A recent study published in the Journal of American Medical Association (JAMA) evaluated adverse events following the Modified Vaccinia Ankara-Bavarian Nordic (MVA-BN) vaccination for mpox.
Study: Short-term Adverse Events Following Immunization With Modified Vaccinia Ankara-Bavarian Nordic (MVA-BN) Vaccine for Mpox. Image Credit: QINQIE99/Shutterstock.com
Australia adopted a dose-sparing approach due to the shortage of MVA-BN vaccines in the recent mpox outbreak.
Accordingly, a 0.1 ml intradermal dose was recommended for pre-exposure prophylaxis and a 0.5 ml subcutaneous dose for post-exposure prophylaxis in a two-dose regimen four weeks apart.
The study and findings
In the present study, researchers assessed adverse events following MVA-BN vaccination using data from AusVaxSafety, Australia's vaccine safety surveillance system. Individuals vaccinated with MVA-BN from August 2022 to March 2023 at AusVaxSafety surveillance sites were asked to participate, which covered three-fourths of mpox vaccination sites.
Participants received a survey link seven days after vaccination to complete a questionnaire on adverse events. Responses were considered for analysis if completed within seven days.
Demographic details and vaccination date/time were self-reported. Vaccinations were classified as subcutaneous if administered in the deltoid muscle and intradermal if injected in the forearm.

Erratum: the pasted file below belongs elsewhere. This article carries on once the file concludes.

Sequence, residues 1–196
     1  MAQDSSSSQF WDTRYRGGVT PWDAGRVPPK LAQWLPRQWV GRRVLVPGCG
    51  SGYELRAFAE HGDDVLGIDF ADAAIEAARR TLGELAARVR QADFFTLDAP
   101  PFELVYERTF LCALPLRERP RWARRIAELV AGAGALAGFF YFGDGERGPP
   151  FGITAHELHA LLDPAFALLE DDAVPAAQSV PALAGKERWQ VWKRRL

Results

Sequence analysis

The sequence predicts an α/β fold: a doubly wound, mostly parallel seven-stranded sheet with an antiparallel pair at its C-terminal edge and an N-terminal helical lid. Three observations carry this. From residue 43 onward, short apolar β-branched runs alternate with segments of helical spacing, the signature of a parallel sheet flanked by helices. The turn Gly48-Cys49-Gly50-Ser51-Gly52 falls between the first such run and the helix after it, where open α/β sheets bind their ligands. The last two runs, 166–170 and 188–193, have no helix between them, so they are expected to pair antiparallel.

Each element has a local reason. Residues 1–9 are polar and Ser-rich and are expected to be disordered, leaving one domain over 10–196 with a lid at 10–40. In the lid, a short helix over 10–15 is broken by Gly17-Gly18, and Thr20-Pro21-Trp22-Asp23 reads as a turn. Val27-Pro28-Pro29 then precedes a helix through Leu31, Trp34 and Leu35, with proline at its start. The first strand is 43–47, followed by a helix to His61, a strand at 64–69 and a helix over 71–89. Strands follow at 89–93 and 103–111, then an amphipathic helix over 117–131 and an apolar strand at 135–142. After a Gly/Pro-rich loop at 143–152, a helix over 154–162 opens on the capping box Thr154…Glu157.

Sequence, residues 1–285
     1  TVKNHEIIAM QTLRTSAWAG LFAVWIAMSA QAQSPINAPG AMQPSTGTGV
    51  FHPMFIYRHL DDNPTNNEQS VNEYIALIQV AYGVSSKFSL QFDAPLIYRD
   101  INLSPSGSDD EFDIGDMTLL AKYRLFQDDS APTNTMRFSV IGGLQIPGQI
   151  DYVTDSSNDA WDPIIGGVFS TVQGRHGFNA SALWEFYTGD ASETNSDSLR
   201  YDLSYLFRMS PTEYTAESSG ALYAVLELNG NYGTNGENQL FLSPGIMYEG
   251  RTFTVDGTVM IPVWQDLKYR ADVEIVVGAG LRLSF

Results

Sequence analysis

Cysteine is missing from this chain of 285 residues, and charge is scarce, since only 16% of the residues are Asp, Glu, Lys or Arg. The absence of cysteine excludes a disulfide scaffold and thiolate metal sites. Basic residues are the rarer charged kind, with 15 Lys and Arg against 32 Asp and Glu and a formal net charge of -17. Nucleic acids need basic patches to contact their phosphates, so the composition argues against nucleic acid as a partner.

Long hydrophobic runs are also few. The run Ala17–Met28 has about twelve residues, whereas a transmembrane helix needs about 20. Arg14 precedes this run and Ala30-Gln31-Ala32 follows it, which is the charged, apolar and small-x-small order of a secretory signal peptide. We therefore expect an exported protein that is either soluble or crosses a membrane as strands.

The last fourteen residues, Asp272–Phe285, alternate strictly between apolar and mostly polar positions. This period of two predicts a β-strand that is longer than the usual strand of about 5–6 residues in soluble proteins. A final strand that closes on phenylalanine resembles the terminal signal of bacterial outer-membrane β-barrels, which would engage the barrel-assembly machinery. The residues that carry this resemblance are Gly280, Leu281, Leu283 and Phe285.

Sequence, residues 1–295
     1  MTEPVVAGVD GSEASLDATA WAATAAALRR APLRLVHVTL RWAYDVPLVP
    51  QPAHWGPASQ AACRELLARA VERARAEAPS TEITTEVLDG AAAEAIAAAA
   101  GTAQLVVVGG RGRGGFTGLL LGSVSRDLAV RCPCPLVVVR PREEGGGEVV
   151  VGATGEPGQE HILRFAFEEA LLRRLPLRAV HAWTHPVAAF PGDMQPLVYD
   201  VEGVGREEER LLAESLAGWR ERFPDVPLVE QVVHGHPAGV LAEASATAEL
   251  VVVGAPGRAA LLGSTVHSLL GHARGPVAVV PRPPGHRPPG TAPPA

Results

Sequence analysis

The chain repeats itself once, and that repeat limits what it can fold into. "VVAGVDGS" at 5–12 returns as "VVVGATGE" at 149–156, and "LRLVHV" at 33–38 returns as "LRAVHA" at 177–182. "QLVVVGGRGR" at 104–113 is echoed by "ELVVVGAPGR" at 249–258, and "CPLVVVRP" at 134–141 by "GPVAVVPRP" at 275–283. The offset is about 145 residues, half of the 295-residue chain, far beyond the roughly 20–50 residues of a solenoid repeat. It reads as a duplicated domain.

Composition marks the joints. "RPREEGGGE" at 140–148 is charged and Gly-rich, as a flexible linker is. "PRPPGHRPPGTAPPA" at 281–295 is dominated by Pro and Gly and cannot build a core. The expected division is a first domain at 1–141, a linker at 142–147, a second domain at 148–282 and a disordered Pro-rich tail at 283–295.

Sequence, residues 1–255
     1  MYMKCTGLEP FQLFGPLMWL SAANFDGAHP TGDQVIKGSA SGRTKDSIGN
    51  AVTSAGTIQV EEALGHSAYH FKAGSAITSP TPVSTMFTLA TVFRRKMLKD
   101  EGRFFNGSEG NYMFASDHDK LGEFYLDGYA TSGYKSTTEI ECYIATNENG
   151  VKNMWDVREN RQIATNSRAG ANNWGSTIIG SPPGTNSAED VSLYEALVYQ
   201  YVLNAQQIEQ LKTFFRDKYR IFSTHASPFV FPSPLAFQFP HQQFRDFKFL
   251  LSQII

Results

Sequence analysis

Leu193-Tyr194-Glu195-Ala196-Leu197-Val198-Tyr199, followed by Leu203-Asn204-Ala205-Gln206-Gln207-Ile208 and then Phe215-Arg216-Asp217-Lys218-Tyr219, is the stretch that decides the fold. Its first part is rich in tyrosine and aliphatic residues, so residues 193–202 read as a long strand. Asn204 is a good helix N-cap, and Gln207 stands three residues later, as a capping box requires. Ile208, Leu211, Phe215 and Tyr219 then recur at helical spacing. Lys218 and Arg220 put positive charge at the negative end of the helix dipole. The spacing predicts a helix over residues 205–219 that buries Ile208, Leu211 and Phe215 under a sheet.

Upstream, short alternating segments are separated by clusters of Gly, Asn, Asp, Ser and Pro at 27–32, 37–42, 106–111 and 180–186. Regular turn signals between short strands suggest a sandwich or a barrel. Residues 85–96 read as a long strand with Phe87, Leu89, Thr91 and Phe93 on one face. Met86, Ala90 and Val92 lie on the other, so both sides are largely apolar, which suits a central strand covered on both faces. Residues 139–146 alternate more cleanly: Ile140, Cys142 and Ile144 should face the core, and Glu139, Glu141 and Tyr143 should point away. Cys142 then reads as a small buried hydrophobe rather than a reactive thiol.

The proportion of participants who reported adverse events, missing daily activities, or medical review (visiting a clinician/emergency department or seeking medical advice) post-vaccination was evaluated. Of over 21,000 vaccinated subjects, there were 13,306 respondents, with a median age of 41.
Most respondents were males (97%); 1.7% of the participants were Aboriginal individuals or Torres Strait Islanders. MVA-BN was subcutaneously administered in 5,643 participants and intradermally in 7,663 subjects.
The rate of adverse events was the highest after the first dose administered intradermally at 53% and the lowest after the second subcutaneous dose at 31%.
The common adverse events with subcutaneous vaccination were local pain, redness, and swelling, while local redness, itching, and swelling were commonly reported after intradermal administration.
The rate of systemic adverse events was not different by vaccination route and was the highest after the first dose. Local adverse reactions were the highest after the first dose regardless of the route of administration but were overall the highest following intradermal vaccination.
Cardiorespiratory adverse events were rare. Individuals with atopic dermatitis reported the highest rate of adverse events. Adverse event rates were similar between immunodeficient individuals and those without chronic conditions.
Only a small proportion of respondents reported missing activities due to adverse events post-vaccination. The rate of seeking medical review was low overall.
To conclude, the researchers observed that local adverse events were the most common after intradermal MVA-BN vaccination.
Absolute event rates were much lower than previously reported. The percentage of people missing everyday activities or seeking medical review was low, indicating that the vaccine was well-tolerated.